The language we use is important because there are many possible meanings for words. Context is not always enough to clarify the meaning.
A patient is a person who is getting medical care. It can mean a person that undergoes some sort of action, and also could mean a sufferer or victim. Adding insult to injury, the word patient also means the acceptance or tolerance of discomfort, inconveniences, problems or suffering without complaint.
A consumer on the other hand, is someone who buys a product or service. It also can mean someone who eats or uses things.
Sometimes the unclear or duplicate meaning will convey unspoken expectations. This makes how we use language, a way in which beliefs and underlying attitudes can be reinforced in a subtle way.
Take our medical system for example. The underlying attitudes of this society where medical experts are concerned involves ideas such as;
They can help/save us
They know best
They have our best interests at heart
We will be ok if we comply
They are extremely busy people
So we are not just people receiving medical care (a patient), we are also undergoing actions (also a patient), and are suffering and/or victims (again, also a patient). But most of all, we are expected to accept those actions done to us without complaint (be patient).
Using the word patient in relation to medical care is designed to reinforce the idea we will accept and comply with said medical care.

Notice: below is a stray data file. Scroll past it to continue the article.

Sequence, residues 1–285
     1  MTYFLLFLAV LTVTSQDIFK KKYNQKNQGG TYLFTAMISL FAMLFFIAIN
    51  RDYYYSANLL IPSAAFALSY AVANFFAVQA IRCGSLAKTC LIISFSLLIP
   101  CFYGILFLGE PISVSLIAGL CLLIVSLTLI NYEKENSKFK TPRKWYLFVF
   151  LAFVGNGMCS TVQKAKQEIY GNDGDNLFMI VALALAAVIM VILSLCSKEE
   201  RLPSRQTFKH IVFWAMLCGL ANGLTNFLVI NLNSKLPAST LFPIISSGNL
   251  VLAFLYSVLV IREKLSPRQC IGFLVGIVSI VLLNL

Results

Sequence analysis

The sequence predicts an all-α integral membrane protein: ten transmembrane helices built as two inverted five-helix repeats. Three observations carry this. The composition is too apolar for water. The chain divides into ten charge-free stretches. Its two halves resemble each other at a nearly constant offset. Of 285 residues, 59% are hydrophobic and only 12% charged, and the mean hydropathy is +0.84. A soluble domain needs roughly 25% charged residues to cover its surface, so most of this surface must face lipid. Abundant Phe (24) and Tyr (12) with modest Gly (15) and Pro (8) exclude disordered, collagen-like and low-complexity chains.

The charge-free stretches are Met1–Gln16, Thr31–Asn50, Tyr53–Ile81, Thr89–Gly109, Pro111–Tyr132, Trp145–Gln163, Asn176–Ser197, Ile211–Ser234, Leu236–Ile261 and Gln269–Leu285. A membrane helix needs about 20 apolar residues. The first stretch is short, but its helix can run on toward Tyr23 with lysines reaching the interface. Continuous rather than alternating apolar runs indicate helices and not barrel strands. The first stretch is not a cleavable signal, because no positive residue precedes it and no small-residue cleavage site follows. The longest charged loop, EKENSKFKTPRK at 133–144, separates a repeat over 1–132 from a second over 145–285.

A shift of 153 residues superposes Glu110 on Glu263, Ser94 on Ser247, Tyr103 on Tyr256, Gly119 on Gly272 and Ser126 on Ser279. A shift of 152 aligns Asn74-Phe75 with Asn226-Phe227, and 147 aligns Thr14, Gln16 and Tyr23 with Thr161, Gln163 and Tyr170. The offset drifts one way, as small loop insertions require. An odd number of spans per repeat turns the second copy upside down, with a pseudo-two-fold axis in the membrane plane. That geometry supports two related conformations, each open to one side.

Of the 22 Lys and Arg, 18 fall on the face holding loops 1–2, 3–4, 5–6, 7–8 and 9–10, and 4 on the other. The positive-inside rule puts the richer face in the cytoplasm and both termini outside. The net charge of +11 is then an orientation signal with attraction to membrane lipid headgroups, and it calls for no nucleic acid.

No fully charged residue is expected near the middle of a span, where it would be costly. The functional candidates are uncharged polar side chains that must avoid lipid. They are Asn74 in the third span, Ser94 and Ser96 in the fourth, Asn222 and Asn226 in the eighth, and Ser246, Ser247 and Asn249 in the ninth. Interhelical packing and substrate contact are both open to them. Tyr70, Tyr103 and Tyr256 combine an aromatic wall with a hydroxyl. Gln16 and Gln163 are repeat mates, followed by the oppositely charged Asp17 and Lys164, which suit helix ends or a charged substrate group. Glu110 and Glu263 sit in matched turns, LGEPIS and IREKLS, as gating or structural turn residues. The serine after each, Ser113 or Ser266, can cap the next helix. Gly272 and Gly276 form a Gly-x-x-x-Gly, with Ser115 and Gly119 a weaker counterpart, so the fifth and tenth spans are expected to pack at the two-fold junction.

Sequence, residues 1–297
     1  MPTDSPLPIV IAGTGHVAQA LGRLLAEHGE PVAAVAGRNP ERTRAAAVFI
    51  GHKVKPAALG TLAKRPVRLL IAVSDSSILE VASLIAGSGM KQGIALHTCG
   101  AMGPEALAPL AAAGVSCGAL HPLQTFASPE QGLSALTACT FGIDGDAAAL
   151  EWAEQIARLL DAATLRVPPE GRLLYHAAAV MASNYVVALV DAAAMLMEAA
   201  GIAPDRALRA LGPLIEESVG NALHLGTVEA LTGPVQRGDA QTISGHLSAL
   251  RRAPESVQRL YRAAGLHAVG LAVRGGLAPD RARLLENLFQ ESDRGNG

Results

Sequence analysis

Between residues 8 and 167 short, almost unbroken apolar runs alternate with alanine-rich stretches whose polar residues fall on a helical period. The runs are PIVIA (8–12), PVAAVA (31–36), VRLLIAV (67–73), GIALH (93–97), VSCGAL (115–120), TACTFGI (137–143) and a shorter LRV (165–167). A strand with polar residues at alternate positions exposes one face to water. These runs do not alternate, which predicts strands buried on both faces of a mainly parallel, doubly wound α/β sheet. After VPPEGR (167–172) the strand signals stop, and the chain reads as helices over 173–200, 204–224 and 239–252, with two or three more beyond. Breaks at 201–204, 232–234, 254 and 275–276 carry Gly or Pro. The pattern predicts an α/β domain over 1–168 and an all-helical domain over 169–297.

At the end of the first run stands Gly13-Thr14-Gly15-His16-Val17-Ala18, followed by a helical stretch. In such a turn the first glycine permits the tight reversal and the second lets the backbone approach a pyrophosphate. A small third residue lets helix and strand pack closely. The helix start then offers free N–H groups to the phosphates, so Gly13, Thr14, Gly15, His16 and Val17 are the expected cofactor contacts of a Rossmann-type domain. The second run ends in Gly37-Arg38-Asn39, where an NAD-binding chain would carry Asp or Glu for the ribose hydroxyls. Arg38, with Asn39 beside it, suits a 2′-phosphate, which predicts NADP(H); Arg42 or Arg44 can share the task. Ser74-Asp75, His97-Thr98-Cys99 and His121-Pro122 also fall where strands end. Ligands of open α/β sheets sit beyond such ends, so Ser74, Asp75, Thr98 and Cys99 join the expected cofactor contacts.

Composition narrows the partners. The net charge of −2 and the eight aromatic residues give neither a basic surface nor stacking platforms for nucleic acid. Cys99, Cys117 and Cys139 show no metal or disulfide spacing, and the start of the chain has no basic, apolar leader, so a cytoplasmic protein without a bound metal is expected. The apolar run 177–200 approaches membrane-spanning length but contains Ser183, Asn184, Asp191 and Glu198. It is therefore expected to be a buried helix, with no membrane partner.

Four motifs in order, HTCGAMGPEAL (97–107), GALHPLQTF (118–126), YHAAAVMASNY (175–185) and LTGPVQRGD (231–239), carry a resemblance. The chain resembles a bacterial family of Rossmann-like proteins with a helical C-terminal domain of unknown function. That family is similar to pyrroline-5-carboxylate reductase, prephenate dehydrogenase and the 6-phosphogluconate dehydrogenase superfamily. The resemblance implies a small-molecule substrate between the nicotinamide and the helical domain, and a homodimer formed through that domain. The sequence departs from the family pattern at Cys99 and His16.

This prevailing idea is behind the concept of what it means to be a patient in our society. It is why there are problems when we decide to not accept or comply with medical care.
"Are you kidding!? But we have the right to choose!"
Yes that is correct - we do have the right. What happens when we insist on exercising (and following through with) that right?
Test it out yourself. Attend a hospital and question a doctor’s recommendations of the course of action which will be done to you. Opt for the method the doctor does not personally recommend. Try it and see what happens. Most medical professionals will not like this. After all they went to university and are educated and qualified whereas we are not. Do this enough times and you will recognise a common trend in their responses.
So what would happen if most people in our society stopped using the word patient to refer to someone getting medical care? What if we started using the word consumer instead?
As consumers, we get to decide what we consume from a buffet without being harangued for our decisions
What about customer - a person who buys goods and services but also is considered to be a person one has to deal with? How about a client - a person who uses the services of a professional or pays for advice from said professional? Consider situations where we, in the role of consumer, might disagree and not accept with services provided (such as a questionable recommendation from a car mechanic).
Language is capable of bringing about change. Switch the words up and eventually the prevailing belief behind what it is to seek out and receive medical care would change to one more closely aligned with the concept of what it means to be a consumer in our society. A patient has limited rights, and a customer is always right. Think about it.
On a final (and side note), there might be less liability for doctors and less medical malpractice suits, if society expects people to make their own decisions. Maybe then, the ones who question and actively seek out information before decision making will be met with appreciation rather than annoyance.